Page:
The news we have all be waiting for was finally announced yesterday. After the decision last week by the FA Women’s Super League & Women’s Championship Board to terminate the 2019/20 season, the FA Board has agreed to decide both leagues on a basic points-per-game basis, with promotion and relegation determined on sporting merit.
This ties up several questions. Chelsea have been crowned Champions of the Barclays FAWSL while Aston Villa secured the FA Women’s Championship title and promotion. Meanwhile, Liverpool have been relegated and the FA Women’s National League has been voided. In addition, Chelsea and Manchester City will be the two English teams to compete in the Champions League next season.
Is it a fair decision?
There were many propositions of how to tie up the football season from null and void to using PPG or, as some have suggested, the more drastic re-opening of the leagues for applications.
Making the decision was an unenviable task. None of the options were perfect and whatever decision was made, someone was going to feel aggrieved. The fact that only three points separated the bottom three FAWSL sides made the choice even trickier. Relegating a side with so much of the season left to play is a little galling.
However, if you don’t relegate, you can’t promote or award a title. Aston Villa have been the outstanding side in the Championship this year, unbeaten and sitting six points clear at the top of the table. They also have the support behind the scenes – something that can’t be said for Liverpool – and have done everything to deserve a move to the top division. Equally Chelsea, unbeaten in the FAWSL since January 2019, are currently the best team in the country and had beaten both of their closest rivals this campaign.
With FAWSL and Championship clubs showing little support for the null and void option and UEFA’s stance on Champions League places having to be decided on sporting merit, this does feel like the fairest outcome in an unfair situation.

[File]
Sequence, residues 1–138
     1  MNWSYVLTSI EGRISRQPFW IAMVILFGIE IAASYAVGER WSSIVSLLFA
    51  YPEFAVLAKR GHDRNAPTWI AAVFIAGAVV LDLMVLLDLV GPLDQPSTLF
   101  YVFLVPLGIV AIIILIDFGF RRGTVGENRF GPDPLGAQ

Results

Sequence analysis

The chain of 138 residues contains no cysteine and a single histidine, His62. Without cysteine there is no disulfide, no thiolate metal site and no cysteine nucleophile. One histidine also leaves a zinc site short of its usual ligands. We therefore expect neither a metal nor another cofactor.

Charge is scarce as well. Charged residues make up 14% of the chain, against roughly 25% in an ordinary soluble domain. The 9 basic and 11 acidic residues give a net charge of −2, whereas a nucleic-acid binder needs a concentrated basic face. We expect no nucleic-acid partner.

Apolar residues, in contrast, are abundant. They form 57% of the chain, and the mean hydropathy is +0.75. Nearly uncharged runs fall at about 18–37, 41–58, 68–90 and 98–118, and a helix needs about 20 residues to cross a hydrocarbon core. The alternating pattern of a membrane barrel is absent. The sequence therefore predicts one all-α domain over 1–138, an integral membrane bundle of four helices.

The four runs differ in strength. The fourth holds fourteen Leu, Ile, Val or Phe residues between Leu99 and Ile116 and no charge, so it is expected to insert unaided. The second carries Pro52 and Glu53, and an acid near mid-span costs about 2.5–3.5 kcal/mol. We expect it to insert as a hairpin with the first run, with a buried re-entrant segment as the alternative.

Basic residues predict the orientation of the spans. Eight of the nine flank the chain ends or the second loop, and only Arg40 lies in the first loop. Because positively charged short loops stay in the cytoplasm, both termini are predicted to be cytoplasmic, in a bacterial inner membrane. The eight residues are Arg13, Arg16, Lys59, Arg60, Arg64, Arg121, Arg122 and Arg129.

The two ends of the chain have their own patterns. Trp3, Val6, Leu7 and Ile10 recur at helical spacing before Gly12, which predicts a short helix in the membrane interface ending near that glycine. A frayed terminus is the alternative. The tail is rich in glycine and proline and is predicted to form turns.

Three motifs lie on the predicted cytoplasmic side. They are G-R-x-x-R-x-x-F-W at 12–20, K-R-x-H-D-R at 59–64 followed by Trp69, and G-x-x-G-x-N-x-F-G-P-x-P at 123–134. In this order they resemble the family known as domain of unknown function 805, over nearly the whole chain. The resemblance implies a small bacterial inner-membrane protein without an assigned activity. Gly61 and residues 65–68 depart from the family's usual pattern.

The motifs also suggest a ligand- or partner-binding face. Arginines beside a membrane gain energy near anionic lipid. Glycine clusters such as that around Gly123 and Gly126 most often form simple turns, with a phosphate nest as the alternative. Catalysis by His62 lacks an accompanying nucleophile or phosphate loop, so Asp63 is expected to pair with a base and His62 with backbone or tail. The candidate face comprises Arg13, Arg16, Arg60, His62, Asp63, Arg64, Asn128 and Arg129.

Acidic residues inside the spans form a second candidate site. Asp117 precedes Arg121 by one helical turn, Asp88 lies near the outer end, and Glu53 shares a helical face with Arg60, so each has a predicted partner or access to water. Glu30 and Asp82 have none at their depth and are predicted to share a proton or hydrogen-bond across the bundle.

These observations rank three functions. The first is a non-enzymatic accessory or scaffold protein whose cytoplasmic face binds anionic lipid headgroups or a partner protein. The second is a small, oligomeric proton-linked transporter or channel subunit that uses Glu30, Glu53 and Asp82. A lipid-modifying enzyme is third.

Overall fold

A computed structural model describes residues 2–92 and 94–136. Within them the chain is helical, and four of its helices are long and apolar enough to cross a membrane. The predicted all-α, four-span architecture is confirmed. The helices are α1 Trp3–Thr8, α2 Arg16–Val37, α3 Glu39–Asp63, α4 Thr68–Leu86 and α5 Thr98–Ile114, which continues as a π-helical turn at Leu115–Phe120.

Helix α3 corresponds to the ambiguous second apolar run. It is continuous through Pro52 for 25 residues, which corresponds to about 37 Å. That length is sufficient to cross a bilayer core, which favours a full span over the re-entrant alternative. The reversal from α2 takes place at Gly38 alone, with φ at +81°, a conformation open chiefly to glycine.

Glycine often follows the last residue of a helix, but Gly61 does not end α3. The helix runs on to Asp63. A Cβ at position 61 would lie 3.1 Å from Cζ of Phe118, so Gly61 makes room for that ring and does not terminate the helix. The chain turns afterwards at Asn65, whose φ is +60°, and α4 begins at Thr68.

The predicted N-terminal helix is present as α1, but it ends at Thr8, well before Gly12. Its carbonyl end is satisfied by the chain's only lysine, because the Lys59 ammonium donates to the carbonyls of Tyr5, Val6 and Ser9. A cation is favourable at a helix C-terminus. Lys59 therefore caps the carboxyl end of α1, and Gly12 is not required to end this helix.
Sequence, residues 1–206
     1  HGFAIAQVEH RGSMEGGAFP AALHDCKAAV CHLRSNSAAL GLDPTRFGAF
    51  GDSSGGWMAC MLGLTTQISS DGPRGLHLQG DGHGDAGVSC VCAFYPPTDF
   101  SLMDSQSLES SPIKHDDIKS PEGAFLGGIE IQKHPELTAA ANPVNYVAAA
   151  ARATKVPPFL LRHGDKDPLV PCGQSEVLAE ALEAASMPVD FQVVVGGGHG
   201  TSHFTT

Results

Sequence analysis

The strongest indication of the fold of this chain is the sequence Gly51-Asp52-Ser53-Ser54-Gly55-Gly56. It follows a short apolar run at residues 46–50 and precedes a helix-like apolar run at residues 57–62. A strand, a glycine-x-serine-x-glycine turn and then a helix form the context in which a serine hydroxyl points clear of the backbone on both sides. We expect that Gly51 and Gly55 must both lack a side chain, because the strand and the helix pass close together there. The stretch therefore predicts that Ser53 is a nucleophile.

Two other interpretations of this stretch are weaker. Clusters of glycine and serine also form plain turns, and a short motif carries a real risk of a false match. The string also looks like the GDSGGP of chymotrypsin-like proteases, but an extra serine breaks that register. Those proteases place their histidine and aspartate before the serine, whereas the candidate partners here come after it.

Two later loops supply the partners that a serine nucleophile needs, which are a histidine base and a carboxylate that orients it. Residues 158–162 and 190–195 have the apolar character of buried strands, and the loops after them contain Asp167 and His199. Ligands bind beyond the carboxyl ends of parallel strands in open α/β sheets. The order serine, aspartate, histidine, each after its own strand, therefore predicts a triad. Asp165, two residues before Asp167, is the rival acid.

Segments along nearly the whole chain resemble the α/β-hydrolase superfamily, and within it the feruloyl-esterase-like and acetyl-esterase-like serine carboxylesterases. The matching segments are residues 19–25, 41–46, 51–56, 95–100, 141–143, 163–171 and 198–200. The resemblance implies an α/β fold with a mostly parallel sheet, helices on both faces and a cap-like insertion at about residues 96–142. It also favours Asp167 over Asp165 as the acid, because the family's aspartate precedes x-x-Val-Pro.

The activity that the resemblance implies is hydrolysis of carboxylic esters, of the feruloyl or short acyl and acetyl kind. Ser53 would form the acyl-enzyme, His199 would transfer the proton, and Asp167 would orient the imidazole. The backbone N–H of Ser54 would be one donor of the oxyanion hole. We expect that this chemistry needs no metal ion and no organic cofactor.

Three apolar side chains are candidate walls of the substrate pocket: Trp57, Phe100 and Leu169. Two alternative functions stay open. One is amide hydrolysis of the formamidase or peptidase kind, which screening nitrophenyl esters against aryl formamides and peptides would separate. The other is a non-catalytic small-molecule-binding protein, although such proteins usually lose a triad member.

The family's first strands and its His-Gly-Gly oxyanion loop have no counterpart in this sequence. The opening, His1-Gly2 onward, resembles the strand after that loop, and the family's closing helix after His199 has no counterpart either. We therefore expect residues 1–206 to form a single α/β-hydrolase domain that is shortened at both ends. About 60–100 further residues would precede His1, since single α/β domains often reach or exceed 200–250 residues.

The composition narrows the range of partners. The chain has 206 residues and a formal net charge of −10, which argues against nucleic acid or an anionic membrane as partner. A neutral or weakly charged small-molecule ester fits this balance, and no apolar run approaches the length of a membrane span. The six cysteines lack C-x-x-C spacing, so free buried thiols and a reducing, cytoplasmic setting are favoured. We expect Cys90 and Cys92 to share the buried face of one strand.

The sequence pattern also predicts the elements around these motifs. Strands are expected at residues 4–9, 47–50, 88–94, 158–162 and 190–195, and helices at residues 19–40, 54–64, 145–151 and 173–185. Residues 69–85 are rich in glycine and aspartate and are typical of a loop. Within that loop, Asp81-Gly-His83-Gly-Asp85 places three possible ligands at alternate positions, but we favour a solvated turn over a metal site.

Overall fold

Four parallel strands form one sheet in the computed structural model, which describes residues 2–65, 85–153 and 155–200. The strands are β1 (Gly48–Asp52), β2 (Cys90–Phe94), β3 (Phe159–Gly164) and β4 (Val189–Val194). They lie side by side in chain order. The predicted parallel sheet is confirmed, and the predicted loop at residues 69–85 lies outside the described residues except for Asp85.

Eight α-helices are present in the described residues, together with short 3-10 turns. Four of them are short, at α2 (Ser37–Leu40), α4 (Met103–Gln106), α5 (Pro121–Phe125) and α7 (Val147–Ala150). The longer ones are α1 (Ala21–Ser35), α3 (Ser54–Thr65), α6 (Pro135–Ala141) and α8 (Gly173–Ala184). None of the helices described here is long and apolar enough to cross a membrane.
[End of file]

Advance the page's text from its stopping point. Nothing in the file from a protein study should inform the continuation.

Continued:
Why was “Project Restart” so difficult & how will COVID-19 hit the women’s game financially?
There have been many comparisons between the men’s and women’s professional games over the past few weeks, but it is critical to remember that they are, to pardon the pun, different ball games entirely. The reality is, it would have cost the Premier League clubs billions to not restart football while for the FAWSL, to implement testing and operational protocols, the costs would have decimated budgets.
Kelly Simmons clearly illustrated that it wasn’t just the cost of testing that came under consideration – “…piggy-backing on the men’s Premier League doesn’t map out in terms of all of the clubs. When you read through the protocols around coming back to training and understand that some of the clubs don’t own their own training grounds; one or two of them were in public venues that were shut. There are some massive challenges around coming back and in the Championship, there are some additional challenges around full time medics etc. So there’s a whole range of challenges that mean it’s not just as simple as tagging on to the Premier League.”
There is hope amongst the FA, however, that clubs and the game could be ok financially as we emerge from the crisis. Kelly Simmons confirmed that a number of clubs have reaffirmed their commitment to the sport and are starting to set out their budgets for next season. Meanwhile the FA have, despite cuts, ring-fenced their financial commitment to the FAWSL and Championship (£7 million/year) and are “hugely committed to investing in and developing the women’s game and developing professional women’s football.”
What plans are underway for next season?
The plan is to start the 2020/21 campaign for both leagues on the 5th/6th September. That does sounds like a long wait but it is sensible to take their time. Clubs need to get protocols in place and players need time to get properly prepared.
For Kelly Simmons, player welfare was key in this decision – “Obviously we had some discussions with the clubs about whether we come back sooner but we want to give the players a good pre-season. We’ve always said we’re going to put the players at the centre of our decision-making because then they’ve got a full season, the Olympics, a short break, full season and then the Euros.”
While the FA are in communication with the government around the possibility of fans returning to football, it is uncertain whether the leagues will be able to start with fans present. Plans are being made around behind closed doors action and how to drive engagement and support via other means – “Some of it is building on the success we had before – we’ve been looking at big game in our best slots; we’ve been looking at games in men’s stadiums. We don’t know when we will be able to open up to fans so the focus will be on driving eyeballs to our coverage both on OTT [FA Player] and on television. That will be a big focus around audiences.”
Other key things we’ve learned
- The outcome of the 2019/20 FA Cup is still to be decided. Paused at the quarter-final stage, there is appetite to try and weave it into the start of the new season with full coverage across the BBC
- The summer transfer window will run from 19 June to 10 September
- UEFA are looking at running their UWCL completion tour